Fortrey, Samuel (DNB00)

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FORTREY, SAMUEL (1622–1681), author of ‘England's Interest and Improvement, consisting in the increase of the Store and Trade of this Kingdom,’ Cambridge, 1663, is described on the title-page as ‘one of the gentlemen of his majesties most honourable privy chamber.’ He may be identified with Samuel Fortrey of Richmond and Byall Fen, Isle of Ely, clerk of the deliveries of the ordnance in the Tower of London, and a bailiff in the corporation of the Great Level. This Samuel Fortrey, born 11 June 1622, was eldest son of Samuel Forterie, a merchant of Walbrooke Ward, London, who was grandson of John de la Forterye, a refugee from Lille, and owned a house at Kew, eventually bought by Queen Charlotte. Fortrey married, 23 Feb. 1647, Theodora Josceline, the child for whom Elizabeth Josceline [q. v.] wrote ‘The Mother's Legacie to her Unborn Childe.’ He died in Feb. 1681. His third son, James, groom of the bedchamber to James II, married Lady Bellasyse. ‘England's Interest and Improvement’ was reprinted in 1673, 1713, and 1744; in Sir Charles Whitworth's ‘Scarce Tracts on Trade and Commerce, serving as a supplement to Davenant's Works,’ 1778, and in the Political Economy Club's ‘Select Collection of Early English Tracts on Commerce’ (ed. McCulloch), 1856. It is a weak and rambling tract, without definite aim. Its most specific advice is that immigration and enclosure should be encouraged, and that the king should set a good example by preferring fabrics of home manufacture. It was for many years frequently referred to by financial writers in consequence of a very circumstantial statement contained in it to the effect that the value of the English imports from France was 2,600,000l., and the value of the exports to France 1,000,000l., ‘by which it appears that our trade with France is at least sixteen hundred thousand pounds a year clear lost to this kingdom.’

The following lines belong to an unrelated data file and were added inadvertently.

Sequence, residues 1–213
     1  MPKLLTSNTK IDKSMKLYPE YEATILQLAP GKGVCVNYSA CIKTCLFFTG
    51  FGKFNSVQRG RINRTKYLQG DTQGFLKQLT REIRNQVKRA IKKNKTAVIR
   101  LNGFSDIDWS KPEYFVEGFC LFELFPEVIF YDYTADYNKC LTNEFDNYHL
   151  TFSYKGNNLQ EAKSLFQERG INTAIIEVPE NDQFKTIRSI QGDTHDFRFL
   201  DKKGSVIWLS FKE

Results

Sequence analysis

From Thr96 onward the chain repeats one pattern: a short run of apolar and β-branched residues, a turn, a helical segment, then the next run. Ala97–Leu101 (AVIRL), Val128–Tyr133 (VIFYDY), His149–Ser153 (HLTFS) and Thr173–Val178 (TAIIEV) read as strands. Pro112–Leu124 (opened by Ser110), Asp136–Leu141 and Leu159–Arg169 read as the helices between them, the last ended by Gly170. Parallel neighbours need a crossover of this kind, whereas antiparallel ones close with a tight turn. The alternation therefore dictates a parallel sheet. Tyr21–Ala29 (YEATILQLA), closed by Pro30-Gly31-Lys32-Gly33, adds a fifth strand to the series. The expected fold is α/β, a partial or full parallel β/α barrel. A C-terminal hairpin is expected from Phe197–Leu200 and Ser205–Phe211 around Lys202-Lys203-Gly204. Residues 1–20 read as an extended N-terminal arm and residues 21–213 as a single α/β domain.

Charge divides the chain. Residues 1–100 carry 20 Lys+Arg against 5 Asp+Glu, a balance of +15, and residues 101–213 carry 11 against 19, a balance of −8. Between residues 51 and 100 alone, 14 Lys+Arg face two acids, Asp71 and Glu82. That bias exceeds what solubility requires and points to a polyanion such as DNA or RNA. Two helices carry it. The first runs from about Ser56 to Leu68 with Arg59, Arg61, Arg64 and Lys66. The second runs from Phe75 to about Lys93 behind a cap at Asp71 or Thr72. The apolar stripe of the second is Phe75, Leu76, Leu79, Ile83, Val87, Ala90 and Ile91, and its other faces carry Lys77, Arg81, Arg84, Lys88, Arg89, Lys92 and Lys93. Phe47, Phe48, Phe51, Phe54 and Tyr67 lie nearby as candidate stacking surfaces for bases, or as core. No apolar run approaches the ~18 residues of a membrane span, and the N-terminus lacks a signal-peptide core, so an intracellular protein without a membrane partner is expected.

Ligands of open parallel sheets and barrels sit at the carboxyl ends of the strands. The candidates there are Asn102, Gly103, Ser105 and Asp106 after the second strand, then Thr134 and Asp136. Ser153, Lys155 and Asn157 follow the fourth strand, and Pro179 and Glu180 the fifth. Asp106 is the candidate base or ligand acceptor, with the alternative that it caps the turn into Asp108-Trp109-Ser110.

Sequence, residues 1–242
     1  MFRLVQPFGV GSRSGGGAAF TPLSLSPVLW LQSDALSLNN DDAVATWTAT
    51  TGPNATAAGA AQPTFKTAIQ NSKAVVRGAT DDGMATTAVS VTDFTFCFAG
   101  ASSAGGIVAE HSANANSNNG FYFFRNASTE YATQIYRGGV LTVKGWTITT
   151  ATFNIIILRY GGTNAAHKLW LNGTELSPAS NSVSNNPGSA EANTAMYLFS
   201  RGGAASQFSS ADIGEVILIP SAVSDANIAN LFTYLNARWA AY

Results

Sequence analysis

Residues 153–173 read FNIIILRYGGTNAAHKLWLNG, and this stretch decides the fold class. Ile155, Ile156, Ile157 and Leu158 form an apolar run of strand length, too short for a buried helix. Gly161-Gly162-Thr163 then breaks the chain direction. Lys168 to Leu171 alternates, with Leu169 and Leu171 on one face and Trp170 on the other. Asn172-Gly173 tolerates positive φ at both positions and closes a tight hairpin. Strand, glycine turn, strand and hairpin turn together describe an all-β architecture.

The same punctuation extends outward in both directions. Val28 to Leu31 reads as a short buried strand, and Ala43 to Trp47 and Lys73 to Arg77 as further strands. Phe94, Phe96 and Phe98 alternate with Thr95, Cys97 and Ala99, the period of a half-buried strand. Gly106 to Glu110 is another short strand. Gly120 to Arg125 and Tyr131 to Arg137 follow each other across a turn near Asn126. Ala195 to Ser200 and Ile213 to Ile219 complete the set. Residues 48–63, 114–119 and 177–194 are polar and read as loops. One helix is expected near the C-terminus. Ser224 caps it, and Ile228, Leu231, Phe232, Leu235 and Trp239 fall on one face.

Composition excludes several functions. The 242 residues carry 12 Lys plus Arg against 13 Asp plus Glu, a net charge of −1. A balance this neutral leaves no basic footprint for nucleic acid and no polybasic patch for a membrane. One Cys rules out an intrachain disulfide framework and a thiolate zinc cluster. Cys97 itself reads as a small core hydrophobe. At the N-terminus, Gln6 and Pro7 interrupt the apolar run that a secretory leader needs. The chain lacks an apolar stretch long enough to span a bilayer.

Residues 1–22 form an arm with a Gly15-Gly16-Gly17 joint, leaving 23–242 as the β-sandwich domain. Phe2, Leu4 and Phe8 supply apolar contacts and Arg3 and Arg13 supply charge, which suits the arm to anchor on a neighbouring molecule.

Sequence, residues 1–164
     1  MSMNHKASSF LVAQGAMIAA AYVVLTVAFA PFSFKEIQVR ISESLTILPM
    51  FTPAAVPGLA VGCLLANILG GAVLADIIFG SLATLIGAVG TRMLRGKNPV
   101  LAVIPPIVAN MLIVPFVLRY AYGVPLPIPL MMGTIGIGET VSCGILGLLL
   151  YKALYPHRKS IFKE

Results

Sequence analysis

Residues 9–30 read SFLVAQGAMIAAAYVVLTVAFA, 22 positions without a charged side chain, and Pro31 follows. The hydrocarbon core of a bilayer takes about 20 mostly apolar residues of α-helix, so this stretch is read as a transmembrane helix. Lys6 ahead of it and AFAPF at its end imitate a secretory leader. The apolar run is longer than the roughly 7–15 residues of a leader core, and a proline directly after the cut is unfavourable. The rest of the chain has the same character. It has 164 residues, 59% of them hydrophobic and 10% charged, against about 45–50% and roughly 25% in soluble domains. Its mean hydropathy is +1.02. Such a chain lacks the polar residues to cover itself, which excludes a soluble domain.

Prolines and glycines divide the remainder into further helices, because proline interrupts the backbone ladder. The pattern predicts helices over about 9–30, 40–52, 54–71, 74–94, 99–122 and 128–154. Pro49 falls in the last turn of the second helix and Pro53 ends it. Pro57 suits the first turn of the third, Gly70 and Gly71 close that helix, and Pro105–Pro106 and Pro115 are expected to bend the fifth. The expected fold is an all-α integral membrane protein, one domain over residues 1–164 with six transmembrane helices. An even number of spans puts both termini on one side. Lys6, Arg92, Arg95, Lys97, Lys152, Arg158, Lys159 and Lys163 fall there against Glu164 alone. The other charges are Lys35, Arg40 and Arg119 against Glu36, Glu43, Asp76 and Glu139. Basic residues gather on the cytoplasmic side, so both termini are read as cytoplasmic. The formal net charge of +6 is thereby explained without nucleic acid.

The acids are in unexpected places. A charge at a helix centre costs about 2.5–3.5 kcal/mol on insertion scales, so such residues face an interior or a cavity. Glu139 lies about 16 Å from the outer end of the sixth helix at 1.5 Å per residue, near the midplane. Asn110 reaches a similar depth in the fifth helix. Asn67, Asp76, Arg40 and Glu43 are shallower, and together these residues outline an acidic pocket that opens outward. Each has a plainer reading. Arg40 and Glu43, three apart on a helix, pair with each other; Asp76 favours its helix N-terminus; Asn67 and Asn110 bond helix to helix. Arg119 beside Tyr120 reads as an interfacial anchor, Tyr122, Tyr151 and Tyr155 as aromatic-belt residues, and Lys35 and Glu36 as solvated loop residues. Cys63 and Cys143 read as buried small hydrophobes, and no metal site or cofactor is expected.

[Extracts from Sir Henry St. George's Visitation of Cambridgeshire in the Genealogist, iii. 298; extracts from the same visitation in Nichols's Leicestershire, ii. *446; Visitation of London by Sir Henry St. George in 1634 (Harleian Soc. xv. 284); genealogical table in Brit. Mus. Addit. MS. 5520, f. 125; Manning and Bray's Surrey, i. 447; Brit. Mus. and Bodleian Library Catalogues of Printed Books.]

E. C-n.

Dictionary of National Biography, Errata (1904), p.129
N.B.— f.e. stands for from end and l.l. for last line

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50 i 6-4f.e. Fortrey, Samuel: for and again in Whitworth's .... in 1856, read in Sir Charles Whitworth's ‘Scarce Tracts on Trade and Commerce, Serving as a Supplement to Davenant's Works,’ 1778, and in 1856 in the Political Economy Club's ‘Select Collection of Early English Tracts on Commerce’ (ed. McCulloch),